Envoy of Williamsburg lays on South Mt. Vernon Road, the very street on which I live. Before visiting I did some brief research on Envoy’s webpage. Envoy describes itself as a nursing and rehabilitation center which focuses on hospice care. The webpage makes it very clear that the location runs on Medicare and Medicaid as opposed to private payments. The building contains 130 beds; according to the webpage, 130 beds is above the average of most retirement communities. Envoy tries to spin this as a good thing, however, the page also mentions having realistic expectations for your loved one’s stay. This information leads me to believe that having those extra beds is not actually a good thing. Pure logic leads to the idea that having more beds leads to fewer nurses per bed. After looking over this information, I decided that Envoy is in fact a poorer retirement community regardless of the spin the website tries to put on their situation.

My first visit to Envoy ended rather abruptly. It was Saturday morning and I had to get up the nerve to actually walk into the building. I felt uncomfortable just thinking about it. “The staff there does not need some college kid wandering in and asking for a tour. They have much bigger things to worry about,” I thought to myself. I wasn’t sure if my normal garb would suffice for the visit. I rummaged through my closet and drawers looking for something that would make me fit in just a little more. I assumed that my outfit would give me away as a college student. I thought about putting on a sweater or a collared shirt but quickly realized that no one there would care what I was wearing. I figured I would just walk in and ask for a tour and explain the assignment. If they wanted to give me a tour they would; if not, I would just go home. It was another hour before I actually left. I drank a cup of coffee to help me gather my nerves and stepped outside. I assumed I would feel uncomfortable because I do not enjoy facing my own mortality. Nursing homes have always been something I haven’t enjoyed for this very reason. I do not like watching the end of the human spirit; there is nothing redeeming about it. I was coming over the slight hill on Mount Vernon and was waiting to cross Monticello when I noticed the ambulance in front of the building. I almost turned around right then. I held steady and kept walking. The lights weren’t on; I hoped that was a good sign. As I got closer though, I noticed EMT’s pushing a stretcher into the ambulance and I immediately turned around and went home.  I did not want to be the young guy who walked into a retirement home as someone was being rushed away to the hospital in the hopes of getting a tour. The time was not right for me to enter and so I waited for another opportunity.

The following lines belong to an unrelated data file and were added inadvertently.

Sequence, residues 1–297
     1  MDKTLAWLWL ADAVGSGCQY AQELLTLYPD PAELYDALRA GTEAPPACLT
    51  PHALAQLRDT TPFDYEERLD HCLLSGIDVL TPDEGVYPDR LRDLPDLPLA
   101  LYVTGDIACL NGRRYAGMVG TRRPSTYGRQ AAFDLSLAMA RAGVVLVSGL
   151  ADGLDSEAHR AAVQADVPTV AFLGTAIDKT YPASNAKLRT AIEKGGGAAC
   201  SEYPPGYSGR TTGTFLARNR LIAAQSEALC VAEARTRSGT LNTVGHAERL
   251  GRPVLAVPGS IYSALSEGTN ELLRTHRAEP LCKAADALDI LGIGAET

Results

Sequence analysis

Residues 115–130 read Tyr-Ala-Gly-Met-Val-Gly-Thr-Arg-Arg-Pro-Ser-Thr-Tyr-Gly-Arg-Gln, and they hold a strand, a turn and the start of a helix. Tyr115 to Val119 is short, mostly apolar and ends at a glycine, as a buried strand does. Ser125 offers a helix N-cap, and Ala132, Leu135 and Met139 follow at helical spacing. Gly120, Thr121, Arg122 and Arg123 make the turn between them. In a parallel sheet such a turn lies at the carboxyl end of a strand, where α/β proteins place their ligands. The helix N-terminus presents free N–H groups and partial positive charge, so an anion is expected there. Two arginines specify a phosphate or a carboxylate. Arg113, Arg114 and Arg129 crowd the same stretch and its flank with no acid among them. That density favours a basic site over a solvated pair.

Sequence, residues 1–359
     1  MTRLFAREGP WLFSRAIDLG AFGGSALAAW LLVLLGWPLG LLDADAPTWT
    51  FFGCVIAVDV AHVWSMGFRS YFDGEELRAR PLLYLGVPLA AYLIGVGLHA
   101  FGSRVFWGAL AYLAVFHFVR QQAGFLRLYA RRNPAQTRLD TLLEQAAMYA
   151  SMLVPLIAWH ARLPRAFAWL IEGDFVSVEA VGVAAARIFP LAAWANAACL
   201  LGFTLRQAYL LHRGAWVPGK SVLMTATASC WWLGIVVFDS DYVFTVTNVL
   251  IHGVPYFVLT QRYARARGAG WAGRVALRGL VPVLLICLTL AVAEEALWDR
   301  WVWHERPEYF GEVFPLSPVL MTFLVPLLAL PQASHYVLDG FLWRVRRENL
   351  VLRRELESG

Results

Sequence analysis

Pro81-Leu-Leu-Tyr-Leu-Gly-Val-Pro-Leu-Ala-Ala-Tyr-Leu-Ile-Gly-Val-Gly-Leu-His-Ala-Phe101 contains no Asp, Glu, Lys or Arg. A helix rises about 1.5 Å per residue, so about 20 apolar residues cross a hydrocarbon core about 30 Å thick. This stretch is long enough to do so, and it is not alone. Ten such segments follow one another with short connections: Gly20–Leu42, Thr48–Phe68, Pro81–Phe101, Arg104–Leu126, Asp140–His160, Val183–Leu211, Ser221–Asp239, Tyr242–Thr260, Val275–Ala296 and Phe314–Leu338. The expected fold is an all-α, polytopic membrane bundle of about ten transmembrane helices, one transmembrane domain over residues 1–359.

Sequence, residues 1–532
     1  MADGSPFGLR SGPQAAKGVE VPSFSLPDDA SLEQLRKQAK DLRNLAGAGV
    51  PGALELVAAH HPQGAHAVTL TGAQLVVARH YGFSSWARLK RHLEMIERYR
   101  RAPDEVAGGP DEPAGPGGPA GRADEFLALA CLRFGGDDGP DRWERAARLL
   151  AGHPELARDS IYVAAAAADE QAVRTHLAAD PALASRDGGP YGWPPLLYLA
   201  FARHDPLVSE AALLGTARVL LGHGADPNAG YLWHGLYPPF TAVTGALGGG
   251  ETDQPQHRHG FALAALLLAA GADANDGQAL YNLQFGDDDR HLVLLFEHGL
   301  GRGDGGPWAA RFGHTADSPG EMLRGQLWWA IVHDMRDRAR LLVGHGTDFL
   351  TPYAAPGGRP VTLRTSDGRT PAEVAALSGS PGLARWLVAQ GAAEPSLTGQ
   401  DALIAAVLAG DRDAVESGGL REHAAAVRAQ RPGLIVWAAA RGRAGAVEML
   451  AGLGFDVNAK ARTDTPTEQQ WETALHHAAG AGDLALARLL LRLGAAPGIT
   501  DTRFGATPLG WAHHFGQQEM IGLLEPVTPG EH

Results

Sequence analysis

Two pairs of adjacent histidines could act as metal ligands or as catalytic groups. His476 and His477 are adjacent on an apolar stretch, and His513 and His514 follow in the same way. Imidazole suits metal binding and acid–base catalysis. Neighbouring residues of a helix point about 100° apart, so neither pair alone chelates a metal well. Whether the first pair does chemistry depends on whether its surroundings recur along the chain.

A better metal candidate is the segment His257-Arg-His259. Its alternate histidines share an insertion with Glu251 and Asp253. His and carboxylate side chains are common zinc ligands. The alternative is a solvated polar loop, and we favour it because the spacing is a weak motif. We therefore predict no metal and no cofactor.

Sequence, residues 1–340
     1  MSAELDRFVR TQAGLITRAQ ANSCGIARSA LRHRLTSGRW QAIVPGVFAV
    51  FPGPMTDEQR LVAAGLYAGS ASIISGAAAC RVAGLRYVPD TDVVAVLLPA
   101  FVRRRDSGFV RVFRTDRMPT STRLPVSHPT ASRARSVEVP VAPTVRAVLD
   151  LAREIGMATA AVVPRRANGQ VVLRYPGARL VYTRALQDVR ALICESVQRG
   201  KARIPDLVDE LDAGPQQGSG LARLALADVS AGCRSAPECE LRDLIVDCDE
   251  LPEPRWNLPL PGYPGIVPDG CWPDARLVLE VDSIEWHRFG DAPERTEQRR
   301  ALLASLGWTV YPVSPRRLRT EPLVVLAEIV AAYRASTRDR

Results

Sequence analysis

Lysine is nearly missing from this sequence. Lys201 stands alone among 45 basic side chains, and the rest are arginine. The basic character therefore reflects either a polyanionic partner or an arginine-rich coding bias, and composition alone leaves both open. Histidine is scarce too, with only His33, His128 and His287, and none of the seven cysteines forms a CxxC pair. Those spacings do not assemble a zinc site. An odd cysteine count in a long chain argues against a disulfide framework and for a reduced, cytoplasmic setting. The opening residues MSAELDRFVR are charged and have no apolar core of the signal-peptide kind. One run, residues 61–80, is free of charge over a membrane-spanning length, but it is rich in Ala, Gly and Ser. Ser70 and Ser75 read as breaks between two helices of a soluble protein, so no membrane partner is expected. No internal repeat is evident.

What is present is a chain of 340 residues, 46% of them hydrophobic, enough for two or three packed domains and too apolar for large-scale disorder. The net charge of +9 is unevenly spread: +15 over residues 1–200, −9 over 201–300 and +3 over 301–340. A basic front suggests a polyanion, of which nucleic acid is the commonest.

I decided to go back Monday morning, I didn’t have class until 1:00 pm and Envoy is on my way to class anyway. I was not as worried about my entry into the retirement home this time. I had thought about my position in the community since my previous trip and realized I belonged there too. Of course, this idea was entirely because this assignment had been assigned; in any other situation, it would have been wildly inappropriate for me to stop in. As I approached, I noticed the care that had been put into the currently sparse garden plot out front of Envoy. While no flowers were growing, the plot had been carefully landscaped and when flowers did bloom, I was sure they would have looked lovely surrounding the Envoy sign. The building is one story. It has windows all around the perimeter and is rectangular. On the front of the building is an overhang that covers the driveway.  I crossed the street to walk on a sidewalk right up against the building and casually looked into some of the windows. The first one had the blinds open and inside was a nurse with three or four residents/patients who were playing a game; it could have been bingo but I’m not entirely sure. The rest of the windows had the blinds closed. I’m assuming these were people’s rooms.